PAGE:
Why do employees leave their jobs? Study after study shows the main reason employees jump ship is a bad manager. And while you might think of a “bad boss” as one who sexually harasses employees or terrorizes them with a hair-trigger temper, it’s rarely that extreme, says James Manktelow. Bad (and mediocre) bosses usually have good intentions; they’re just poorly trained. But in times like these, they can’t afford to stay that way.
“Unemployment rates are incredibly low right now,” says Manktelow, coauthor along with Julian Birkinshaw of Mind Tools for Managers: 100 Ways to Be a Better Boss. “In a tight job market, you must do everything possible to create a company where employees want to stay.”
In other words, being a good boss is a tall order. Doing a good job of it requires training, the right tools, and lots of feedback—and very few managers and leaders get these things.
Here are a few tips to create the kind of workplace culture that will attract the best and brightest—and keep them from leaving.
Work effectively with people from all generations
While you shouldn’t overemphasize the differences between Baby Boomers, Generation X, and Generation Y, neither is it a good idea to ignore them. For instance, if you are a Baby Boomer with a team of Gen Y employees (a.k.a. Millennials), don’t resist their preference to work virtually or use collaboration tools (email is old school), and be more proactive when giving recognition and praise.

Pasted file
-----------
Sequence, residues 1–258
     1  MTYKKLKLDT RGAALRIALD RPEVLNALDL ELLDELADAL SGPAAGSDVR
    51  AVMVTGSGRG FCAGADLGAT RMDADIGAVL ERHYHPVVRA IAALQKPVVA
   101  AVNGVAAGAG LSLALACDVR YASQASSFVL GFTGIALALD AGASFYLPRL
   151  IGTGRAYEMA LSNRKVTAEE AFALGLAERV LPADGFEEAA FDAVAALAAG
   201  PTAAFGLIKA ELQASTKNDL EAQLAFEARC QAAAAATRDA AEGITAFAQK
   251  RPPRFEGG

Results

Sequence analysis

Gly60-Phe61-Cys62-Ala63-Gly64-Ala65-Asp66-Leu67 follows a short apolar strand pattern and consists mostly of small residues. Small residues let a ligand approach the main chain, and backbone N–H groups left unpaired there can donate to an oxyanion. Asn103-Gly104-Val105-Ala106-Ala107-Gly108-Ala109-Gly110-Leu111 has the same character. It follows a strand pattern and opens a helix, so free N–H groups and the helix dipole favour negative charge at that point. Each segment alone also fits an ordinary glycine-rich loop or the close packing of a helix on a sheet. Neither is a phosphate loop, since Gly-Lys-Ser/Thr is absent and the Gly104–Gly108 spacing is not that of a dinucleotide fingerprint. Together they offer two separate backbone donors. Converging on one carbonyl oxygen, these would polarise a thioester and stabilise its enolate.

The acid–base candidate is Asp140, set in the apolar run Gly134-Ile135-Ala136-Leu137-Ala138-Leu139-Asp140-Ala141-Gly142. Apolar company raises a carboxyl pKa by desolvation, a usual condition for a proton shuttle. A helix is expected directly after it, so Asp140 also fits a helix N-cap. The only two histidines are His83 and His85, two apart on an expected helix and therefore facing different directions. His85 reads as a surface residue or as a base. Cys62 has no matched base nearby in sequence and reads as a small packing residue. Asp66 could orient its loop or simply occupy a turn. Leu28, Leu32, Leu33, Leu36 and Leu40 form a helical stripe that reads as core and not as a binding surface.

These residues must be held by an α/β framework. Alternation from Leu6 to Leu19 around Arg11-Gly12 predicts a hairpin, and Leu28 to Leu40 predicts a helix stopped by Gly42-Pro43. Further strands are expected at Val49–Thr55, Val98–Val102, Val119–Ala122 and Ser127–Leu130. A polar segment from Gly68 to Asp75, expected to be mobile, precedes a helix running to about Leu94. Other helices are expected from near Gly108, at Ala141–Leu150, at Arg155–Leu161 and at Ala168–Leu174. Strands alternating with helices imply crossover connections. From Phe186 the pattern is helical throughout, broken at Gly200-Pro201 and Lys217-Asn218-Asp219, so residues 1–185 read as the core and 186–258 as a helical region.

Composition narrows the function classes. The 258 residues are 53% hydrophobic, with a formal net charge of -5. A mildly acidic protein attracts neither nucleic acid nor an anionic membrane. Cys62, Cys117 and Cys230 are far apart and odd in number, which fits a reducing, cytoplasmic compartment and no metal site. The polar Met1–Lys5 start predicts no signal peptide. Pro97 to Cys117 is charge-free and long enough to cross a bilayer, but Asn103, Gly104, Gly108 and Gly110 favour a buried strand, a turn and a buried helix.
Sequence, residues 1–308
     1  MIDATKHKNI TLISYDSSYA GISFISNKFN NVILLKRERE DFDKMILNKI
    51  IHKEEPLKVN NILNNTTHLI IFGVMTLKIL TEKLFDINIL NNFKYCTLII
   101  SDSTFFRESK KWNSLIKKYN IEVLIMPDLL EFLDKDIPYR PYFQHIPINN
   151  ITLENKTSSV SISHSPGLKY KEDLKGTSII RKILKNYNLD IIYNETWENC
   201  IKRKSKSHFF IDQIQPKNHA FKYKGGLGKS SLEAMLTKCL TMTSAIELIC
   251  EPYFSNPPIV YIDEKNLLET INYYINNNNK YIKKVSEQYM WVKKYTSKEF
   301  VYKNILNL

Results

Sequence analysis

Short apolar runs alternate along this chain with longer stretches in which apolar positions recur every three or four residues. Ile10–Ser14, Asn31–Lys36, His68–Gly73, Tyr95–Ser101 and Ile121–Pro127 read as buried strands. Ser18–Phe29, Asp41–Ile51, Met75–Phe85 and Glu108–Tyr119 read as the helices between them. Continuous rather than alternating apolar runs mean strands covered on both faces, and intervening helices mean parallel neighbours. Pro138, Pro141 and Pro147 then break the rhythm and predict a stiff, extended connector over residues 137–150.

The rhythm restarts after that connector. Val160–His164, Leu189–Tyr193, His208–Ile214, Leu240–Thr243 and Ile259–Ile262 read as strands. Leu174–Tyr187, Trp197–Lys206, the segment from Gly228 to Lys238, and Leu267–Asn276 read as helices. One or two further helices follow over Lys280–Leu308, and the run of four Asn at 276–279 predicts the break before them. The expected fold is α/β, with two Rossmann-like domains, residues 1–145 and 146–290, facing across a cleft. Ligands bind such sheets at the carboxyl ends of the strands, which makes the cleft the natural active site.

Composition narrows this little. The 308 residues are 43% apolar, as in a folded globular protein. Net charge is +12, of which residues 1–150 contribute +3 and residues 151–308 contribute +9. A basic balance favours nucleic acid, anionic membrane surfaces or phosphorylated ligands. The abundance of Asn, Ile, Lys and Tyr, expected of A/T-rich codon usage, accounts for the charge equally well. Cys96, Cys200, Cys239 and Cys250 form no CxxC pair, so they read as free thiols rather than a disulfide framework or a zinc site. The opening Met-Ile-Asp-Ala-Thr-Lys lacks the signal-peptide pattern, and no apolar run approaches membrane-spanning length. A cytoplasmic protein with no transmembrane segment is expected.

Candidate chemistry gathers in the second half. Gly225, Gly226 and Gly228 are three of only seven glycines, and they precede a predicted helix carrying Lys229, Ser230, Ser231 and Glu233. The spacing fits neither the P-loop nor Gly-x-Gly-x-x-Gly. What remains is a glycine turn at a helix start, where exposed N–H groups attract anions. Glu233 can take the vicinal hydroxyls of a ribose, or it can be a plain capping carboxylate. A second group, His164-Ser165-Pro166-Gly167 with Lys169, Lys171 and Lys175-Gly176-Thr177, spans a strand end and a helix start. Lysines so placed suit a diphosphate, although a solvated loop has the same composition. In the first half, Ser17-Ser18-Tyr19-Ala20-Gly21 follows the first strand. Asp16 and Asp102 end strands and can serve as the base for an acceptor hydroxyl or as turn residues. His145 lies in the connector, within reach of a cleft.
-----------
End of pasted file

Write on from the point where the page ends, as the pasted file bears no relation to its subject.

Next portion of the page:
Listen carefully and intensely to your employees
In their survey, the authors found that 65.9 percent of managers think careful listening is one of the most important methods you can use to understand and motivate people. It helps you understand what upsets the people who work for you so you can help overcome challenges.
It also helps you appreciate what excites and energizes your team so you can shape their work in that direction. Active listening—where you make a conscious effort to hear what the other person is saying and understand the complete message—helps make employees feel heard.
Give effective praise and recognition
54.8 percent of survey respondents view giving praise as one of the most important ways to get the best from their people. Gallup has identified significant increases in helpfulness, cooperation, punctuality, attendance, and length of service associated with receiving regular praise.
Look for opportunities to give praise. Be specific and do it in an appropriate way—some people love public praise while others are embarrassed by it. And be sure that praise is honest and proportionate. Insincere praise will weaken employee trust.
Help your employees develop self-confidence
People want to feel good about themselves and their abilities. They want to be successful at work. When you build your employees’ self-confidence, you’ll help them achieve both goals. One smart strategy is to create mastery experiences for them. Set small goals that allow them to demonstrate to you and themselves that they have mastered a skill—then you can move on to set progressively harder challenges.
Give good feedback